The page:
Saturday6 March 20044:11pm MST2004-03-06 UTC 2311 back top next  

The Asteroid/Comet Connection's
daily news journal about
asteroids, comets, and meteors

Today's issue status: done

Cover: The 7 January 2000 occultation by 12.5-magnitude 423 Diotima of 11.5-magnitude star GSC 2470 00150 as recorded at Gnosca Observatory in Switzerland using the drift scan technique of leaving the telescope fixed. The exposure for 80 seconds records at center the shadow of this large Main Belt asteroid passing over the site, as illustrated in the Stefanik Observatory prediction. This image is ©Copyright Stefano Sposetti, used with permission. See also a before/after animation.

News briefs – part 1/1 Major News for 6 March 2004 back top next  
News briefs

Occultations:  The star shadow of 423 Diotima passed over Stefano Sposetti's observatory in the "cover" image above, but observers usually have to travel for occultations, spreading out to create "chords" at different geographical points that can reveal an asteroid's profile and size, as Richard Nugent explains and shows. To "fill in the observing fence," equipment may be run automatically or remotely at unattended sites, as David Dunham relates in a report about 1089 Tama's January 16th occultation

Main Belt news:  While helping follow-up another observatory's Main Belt discoveries on February 22nd, Peter Birtwhistle found that he had a field with seven moving objects, all of them known except one. And that was how Great Shefford Observatory came to make its fourth discovery, as he tells on his 2004 DN25 page. It has some nice illustration work that also shows what happens when a star visible to the naked eye (delta Cancri, the star at the center of Cancer) appears in a frame exposed to detect faint asteroids.

Sudbury Crater, the subtle ellipse in this side-looking radar image, itself took a later hit that formed Wanapitei Lake, seen at right. Image courtesy of NASA. SIR-B radar image of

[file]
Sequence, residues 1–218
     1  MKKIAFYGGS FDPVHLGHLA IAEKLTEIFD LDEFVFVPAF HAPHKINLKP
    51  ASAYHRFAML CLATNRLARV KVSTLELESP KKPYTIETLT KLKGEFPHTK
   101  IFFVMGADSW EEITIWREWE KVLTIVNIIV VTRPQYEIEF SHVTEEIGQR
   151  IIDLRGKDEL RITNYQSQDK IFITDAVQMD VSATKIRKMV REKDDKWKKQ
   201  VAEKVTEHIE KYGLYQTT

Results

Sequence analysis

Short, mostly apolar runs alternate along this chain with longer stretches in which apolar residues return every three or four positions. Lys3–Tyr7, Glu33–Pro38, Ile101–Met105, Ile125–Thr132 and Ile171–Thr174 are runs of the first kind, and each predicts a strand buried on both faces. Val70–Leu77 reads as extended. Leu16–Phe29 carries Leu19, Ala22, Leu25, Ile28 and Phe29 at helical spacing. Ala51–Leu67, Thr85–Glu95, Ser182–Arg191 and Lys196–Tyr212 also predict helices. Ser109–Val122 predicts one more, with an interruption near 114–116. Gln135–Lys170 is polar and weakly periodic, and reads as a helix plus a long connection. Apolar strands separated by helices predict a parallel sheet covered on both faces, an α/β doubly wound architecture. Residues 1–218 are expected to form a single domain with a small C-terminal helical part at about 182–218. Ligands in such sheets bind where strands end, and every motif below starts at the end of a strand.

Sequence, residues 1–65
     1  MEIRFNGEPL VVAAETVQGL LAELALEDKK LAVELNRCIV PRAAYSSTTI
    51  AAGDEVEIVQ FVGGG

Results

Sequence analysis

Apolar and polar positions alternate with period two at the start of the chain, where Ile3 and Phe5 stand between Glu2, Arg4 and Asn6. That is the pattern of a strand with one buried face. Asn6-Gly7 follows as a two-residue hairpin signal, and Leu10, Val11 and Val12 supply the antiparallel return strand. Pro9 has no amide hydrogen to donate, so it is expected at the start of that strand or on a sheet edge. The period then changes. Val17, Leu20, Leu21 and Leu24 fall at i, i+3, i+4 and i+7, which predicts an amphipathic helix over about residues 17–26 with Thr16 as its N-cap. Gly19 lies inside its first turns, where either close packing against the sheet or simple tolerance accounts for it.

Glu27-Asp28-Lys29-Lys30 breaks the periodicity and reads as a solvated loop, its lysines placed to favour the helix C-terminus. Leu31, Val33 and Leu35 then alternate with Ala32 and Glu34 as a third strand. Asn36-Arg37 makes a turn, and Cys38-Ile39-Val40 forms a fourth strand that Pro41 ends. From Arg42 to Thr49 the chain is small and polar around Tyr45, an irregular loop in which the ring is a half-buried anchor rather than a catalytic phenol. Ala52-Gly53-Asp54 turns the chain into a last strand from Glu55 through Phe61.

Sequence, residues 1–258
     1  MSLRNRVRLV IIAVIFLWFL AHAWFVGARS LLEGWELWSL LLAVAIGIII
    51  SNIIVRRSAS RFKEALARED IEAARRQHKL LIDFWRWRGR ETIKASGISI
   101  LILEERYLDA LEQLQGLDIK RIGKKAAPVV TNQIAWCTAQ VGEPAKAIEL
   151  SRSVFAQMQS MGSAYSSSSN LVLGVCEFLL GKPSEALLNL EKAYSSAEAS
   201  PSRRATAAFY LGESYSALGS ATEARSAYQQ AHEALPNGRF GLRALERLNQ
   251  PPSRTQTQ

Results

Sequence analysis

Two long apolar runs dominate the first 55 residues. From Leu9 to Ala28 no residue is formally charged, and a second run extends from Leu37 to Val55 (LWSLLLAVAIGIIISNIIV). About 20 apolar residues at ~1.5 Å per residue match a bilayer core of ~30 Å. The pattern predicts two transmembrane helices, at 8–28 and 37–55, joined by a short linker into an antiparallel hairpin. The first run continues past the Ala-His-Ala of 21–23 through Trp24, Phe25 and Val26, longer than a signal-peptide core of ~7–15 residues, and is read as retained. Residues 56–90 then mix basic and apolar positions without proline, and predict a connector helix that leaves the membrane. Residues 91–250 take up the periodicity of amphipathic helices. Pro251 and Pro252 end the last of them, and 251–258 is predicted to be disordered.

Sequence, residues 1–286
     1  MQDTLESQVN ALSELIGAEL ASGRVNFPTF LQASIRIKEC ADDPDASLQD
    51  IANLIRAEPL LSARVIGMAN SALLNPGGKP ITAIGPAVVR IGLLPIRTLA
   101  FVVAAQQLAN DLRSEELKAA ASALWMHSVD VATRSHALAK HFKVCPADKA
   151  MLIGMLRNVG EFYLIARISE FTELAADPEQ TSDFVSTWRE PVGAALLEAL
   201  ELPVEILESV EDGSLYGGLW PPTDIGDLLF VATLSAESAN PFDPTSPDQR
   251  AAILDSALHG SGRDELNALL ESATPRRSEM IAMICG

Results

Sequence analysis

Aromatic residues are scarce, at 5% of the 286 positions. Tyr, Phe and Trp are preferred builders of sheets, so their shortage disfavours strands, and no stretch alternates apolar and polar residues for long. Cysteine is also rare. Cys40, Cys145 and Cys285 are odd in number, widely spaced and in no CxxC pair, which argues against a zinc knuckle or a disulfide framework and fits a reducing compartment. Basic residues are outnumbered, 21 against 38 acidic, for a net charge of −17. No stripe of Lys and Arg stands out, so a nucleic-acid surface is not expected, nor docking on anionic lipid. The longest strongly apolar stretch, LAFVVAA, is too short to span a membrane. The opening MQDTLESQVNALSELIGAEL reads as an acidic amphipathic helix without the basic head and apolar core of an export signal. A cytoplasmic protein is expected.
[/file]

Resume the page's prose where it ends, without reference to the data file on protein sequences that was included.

Sudbury & Wanapitei craters

Miner objects:  A Planetary and Terrestrial Mining Sciences Symposium (PTMSS) will be held 9-11 June at the Northern Centre for Advanced Technology (NORCAT) in Sudbury, Ontario.

The purpose . . . is to promote a closer relationship between the space and mining sectors [with topics on] the science and technology of exploring and exploiting resources on Earth as well as on other planetary bodies, such as the moon, Mars, asteroids, comets, etc.

Sudbury is at the world's second largest known impact structure, where an extraordinarily rich deposit of copper and nickel has been mined since the late 1800s (learn more). A recent BBC article told of similar mining associations with impact sites.

Risk monitoring - part 1/1 Major News for 6 March 2004 back top next  
Risk monitoring 6 March

The Saturday Daily Orbit Update MPEC, which appeared later than usual today, has observation of 2004 DC from Siding Spring Observatory in Australia from Thursday, and NEODyS has now eliminated its impact solutions for this object.

Update:  On a Saturday afternoon in Pasadena, JPL joined NEODyS in removing 2004 DC.

Summary Risk Table - sources checked at 2301 UTC, 6 Mar




 2004 DCJPL 3/6R E M O V E D
VI = count of "virtual impactors" (impact solutions)
See A/CC's Consolidated Risk Tables for more and maybe
  newer details, and check the monitors' links for latest info.
Note that only objects recently in view are shown here.   [ top ]
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